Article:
comScore CBS to Add Diversity to White Male Lineup | The Mary Sue
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CBS Plans to ‘Do Better’ At Diversifying Their White Male Lineup

Because everything is better with color.

White Nonsense

During this year’s Upfronts, I and many others noticed something strange yet so very typical about CBS’s fall lineup—all five of their new shows featured white male leads. This isn’t a particularly groundbreaking revelation but it’s exhausting after having such an open conversation about diversity.

It seems CBS is finally listening to the exasperated voices saying, “Really? This again?” and has pledged to “do better” at diversifying their lineup. The topic came up during the network’s presentation at The Critics Association’s summer press tour, with CBS Entertainment president Glenn Geller laying out their plans for the future to Deadline.

 “We’ve said to the creative community, to agencies and to studios, ‘we want more diversity: bring us more diverse clients, we want to hear more diverse stories’. And they have responded,” Geller said. “We’ve already bought a number of projects that have diversity that is more integral to the story as opposed to just casting diversity. You can tackle diversity in many different ways but you can’t leave it all just to casting in January.”

He’s right. This isn’t about putting more skin tones in front of the screen and calling it a day. It goes beyond that. According to a 2016 diversity report from the Ralph J. Bunche Center for African American Studies at UCLA, minorities are underrepresented 5 to 1 in scripted broadcast TV and 2 to 1 in cable. The numbers are even direr behind the scenes with minority show creators underrepresented at 11 to 1 for broadcast shows and 5 to 1 in cable. POC writers are outnumbered 4 to 1 in both broadcast and cable television.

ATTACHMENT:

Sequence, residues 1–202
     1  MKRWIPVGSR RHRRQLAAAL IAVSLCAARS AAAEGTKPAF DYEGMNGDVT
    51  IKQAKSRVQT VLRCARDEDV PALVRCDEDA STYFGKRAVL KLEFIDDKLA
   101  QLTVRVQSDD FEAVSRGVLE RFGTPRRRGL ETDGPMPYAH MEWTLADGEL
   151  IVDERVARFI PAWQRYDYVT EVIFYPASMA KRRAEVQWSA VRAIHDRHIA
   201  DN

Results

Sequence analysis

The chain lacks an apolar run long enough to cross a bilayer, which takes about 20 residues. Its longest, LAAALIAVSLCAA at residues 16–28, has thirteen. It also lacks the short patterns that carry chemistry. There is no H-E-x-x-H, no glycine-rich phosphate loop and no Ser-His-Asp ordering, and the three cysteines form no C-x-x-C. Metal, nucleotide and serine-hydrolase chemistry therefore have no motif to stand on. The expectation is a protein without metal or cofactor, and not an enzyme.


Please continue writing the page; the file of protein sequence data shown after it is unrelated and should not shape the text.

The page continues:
So I ask, how can one expect to see substantial stories about people of different backgrounds if they’re being told from just one (white male) point of view? For Geller, the answer lies in seeking out different voices. “I think it’s about finding diversity where it is organically baked into the concept,” he added. “But it has to come from the creator’s vision, and we have to hear more diverse pitches.”

These words sound promising but I’m going to need to see more action before I become a full-on believe. Last season, Geller admitted they “had a number of projects that were diverse or had specific leads in a workplace that were diverse,” but none of those projects ever made it to television. Why do you suppose that was? Were they “too ethnic” or just not strong enough? I mean, judging from Kevin Can Wait, the bar was set pretty low for new TV.

Still, it looks like the network is actually making an effort. According to Deadline, they’re currently developing a drama about a “multi-generational Latino family of cops” living in Los Angeles. They’re also reshooting a comedy called Superior Donuts from comedian Jermaine Folwer which may pop up on the network during midseason. Bryan Fuller also dropped the news that the lead for the new Star Trek series will probably be a woman of color. These are small steps but something is better than nothing, I suppose.

And I know people are tired of hearing the word “diversity” being thrown around but imagine how frustrating it is to have to constantly scream for some kind of acknowledgement that people like you exist outside of stereotypes, and that you can function independently rather than in service of a white savior. We’re not asking to get rid of everyone who isn’t a minority, just make some extra room at the dinner table.

Simple enough, right?

(via Deadline, image via CBS)

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Keisha is a geeky writer with an acute affinity for alliteration and Deadpool cosplayers. She never let go of Boy Meets World, and Thranduil’s flowy mane in The Hobbit gives her lacefront envy. Don’t be shy; say hi to her on Twitter.

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